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Withdrawal Techniques
Old 05-21-2008, 11:27 AM   #1
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Withdrawal Techniques

Don't flame just yet, I actually have a somewhat different picture of withdrawals than all of the other threads about it.

When I retire, I plan to have a smattering of about 40% broad index, 30% broad international growth, 5% bond, 5% crash, and about 20% in individual stocks. This would be distributed across a Roth IRA, 401k, and individual brokerage accounts.

Obviously, the question revolves around the best way to mitigate commissions and tax burdens. I also want to find the best way to turn the account into something like a 25% broad US index, 25% broad international, 35% bond, 15% cash. Would it be best to sell the worst performing stock first and then slowly take out from my Roth IRA? The problem with this is it leaves me with a little less diversification, but it avoids a lot of the commission problems.

Also, once I have attained my ultimate diversification goal, it should be easy to live off of dividend and regular withdrawals from the different mutual funds. Most of this will obviously depend on the way the stock market is performing and how much I have in my account and how long I have to live, otherwise it would be simple to sell off until I get my desired goal, but I want the transition to mitigate most of the costs as possible.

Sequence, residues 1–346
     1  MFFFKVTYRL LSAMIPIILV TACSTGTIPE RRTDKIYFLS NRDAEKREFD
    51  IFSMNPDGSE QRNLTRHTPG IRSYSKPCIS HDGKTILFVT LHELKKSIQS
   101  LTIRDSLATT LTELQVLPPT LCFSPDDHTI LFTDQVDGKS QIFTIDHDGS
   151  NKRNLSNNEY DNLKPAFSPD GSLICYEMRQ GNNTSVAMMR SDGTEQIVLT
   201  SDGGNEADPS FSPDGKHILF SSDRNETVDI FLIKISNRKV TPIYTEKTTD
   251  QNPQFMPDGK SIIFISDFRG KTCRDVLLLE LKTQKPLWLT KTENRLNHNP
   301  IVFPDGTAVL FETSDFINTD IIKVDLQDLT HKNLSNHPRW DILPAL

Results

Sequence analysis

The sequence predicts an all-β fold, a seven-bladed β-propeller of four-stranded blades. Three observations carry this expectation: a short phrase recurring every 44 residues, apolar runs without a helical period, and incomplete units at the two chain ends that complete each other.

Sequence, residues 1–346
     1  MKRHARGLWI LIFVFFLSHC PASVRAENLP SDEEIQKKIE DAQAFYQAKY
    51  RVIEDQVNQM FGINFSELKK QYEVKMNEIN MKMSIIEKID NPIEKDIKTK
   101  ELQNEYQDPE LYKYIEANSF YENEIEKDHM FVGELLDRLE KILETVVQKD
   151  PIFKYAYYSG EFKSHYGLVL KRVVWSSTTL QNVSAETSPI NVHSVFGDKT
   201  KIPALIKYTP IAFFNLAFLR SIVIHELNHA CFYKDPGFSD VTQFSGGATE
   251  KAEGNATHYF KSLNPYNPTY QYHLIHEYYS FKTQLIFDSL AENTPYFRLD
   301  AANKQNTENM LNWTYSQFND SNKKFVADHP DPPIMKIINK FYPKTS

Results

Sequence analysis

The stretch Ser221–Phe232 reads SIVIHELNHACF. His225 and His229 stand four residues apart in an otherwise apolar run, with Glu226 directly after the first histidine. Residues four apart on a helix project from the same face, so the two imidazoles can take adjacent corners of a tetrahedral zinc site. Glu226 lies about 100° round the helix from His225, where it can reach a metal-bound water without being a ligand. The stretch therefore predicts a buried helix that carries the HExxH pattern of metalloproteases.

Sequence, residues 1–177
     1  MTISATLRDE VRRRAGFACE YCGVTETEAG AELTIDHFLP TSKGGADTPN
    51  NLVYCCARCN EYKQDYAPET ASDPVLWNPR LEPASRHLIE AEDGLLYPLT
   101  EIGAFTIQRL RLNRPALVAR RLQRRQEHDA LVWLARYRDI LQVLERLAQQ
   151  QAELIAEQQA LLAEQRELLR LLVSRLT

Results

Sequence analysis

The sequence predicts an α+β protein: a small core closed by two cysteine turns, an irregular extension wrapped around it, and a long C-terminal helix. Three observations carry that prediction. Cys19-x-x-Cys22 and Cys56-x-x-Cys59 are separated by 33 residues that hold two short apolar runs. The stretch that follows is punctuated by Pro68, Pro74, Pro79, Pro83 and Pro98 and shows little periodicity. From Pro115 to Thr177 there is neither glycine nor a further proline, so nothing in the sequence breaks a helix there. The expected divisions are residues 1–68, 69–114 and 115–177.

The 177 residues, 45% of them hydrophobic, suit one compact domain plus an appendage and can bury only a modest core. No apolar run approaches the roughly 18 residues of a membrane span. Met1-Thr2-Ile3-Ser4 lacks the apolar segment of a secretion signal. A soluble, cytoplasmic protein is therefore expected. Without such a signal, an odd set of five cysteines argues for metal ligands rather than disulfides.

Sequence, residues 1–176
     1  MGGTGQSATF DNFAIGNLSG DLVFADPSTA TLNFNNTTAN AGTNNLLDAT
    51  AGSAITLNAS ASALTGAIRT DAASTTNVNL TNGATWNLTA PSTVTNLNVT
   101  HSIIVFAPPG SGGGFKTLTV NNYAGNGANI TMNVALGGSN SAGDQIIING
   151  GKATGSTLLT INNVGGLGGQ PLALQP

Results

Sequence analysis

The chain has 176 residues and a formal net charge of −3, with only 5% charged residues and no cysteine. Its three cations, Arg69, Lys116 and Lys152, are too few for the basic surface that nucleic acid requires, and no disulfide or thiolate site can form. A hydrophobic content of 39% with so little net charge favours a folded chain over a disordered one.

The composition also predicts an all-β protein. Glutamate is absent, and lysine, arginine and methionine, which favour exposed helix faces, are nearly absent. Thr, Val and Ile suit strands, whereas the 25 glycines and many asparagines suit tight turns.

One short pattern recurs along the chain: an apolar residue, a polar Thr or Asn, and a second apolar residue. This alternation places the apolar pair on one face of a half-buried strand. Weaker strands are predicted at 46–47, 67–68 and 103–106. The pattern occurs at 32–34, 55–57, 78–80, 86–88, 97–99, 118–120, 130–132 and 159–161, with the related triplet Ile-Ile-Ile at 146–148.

Any thought on the subject?
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Old 05-21-2008, 11:58 AM   #2
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Most of this will obviously depend on the way the stock market is performing and how much I have in my account and how long I have to live
You have won the "youbet understatement of the day award!" Congratulations! I couldn't agree more with you!
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Old 05-21-2008, 12:19 PM   #3
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When I retire, I plan to have a smattering of ... 5% crash ... . Any thought on the subject?
well, that's one way to look at it
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Old 05-21-2008, 01:02 PM   #4
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Withdrawal Techniques
Eewwwkay, this thread turned out to be about a whole 'nother subject. Guess I didn't have my coffee mind on the financial aspects yet.

It sounds like you have the rebalancing project from hell. The best way to handle it would be two lists of where you are and where you want to be, followed by an estimate of the taxes (long term/short term) and expenses involved in liquidating. Hopefully your finished portfolio will have minimal expenses & commissions.

The conventional wisdom is to have your most tax-inefficient investments (bonds, high-tax dividends) in a Roth IRA where withdrawals will never be taxed. Since you're not taxed on selling/buying within an IRA, you could sell your Roth's old assets and buy your new Roth assets whenever you're ready.